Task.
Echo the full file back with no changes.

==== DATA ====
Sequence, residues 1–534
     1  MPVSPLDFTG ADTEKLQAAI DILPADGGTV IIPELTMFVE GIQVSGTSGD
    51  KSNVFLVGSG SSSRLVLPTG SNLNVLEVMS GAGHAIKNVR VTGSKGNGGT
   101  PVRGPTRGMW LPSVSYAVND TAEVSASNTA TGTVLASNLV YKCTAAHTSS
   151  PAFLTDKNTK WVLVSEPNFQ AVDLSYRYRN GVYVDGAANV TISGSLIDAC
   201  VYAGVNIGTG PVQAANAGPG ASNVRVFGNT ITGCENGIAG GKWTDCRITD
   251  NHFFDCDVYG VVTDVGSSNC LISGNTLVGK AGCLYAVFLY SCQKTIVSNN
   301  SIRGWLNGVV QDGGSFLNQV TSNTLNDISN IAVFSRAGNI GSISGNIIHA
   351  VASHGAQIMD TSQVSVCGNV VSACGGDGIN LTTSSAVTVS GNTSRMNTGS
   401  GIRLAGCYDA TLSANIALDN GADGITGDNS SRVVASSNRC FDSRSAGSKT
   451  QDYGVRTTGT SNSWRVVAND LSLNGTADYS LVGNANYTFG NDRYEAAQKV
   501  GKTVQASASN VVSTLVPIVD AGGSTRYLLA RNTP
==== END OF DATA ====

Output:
Sequence, residues 1–534
     1  MPVSPLDFTG ADTEKLQAAI DILPADGGTV IIPELTMFVE GIQVSGTSGD
    51  KSNVFLVGSG SSSRLVLPTG SNLNVLEVMS GAGHAIKNVR VTGSKGNGGT
   101  PVRGPTRGMW LPSVSYAVND TAEVSASNTA TGTVLASNLV YKCTAAHTSS
   151  PAFLTDKNTK WVLVSEPNFQ AVDLSYRYRN GVYVDGAANV TISGSLIDAC
   201  VYAGVNIGTG PVQAANAGPG ASNVRVFGNT ITGCENGIAG GKWTDCRITD
   251  NHFFDCDVYG VVTDVGSSNC LISGNTLVGK AGCLYAVFLY SCQKTIVSNN
   301  SIRGWLNGVV QDGGSFLNQV TSNTLNDISN IAVFSRAGNI GSISGNIIHA
   351  VASHGAQIMD TSQVSVCGNV VSACGGDGIN LTTSSAVTVS GNTSRMNTGS
   401  GIRLAGCYDA TLSANIALDN GADGITGDNS SRVVASSNRC FDSRSAGSKT
   451  QDYGVRTTGT SNSWRVVAND LSLNGTADYS LVGNANYTFG NDRYEAAQKV
   501  GKTVQASASN VVSTLVPIVD AGGSTRYLLA RNTP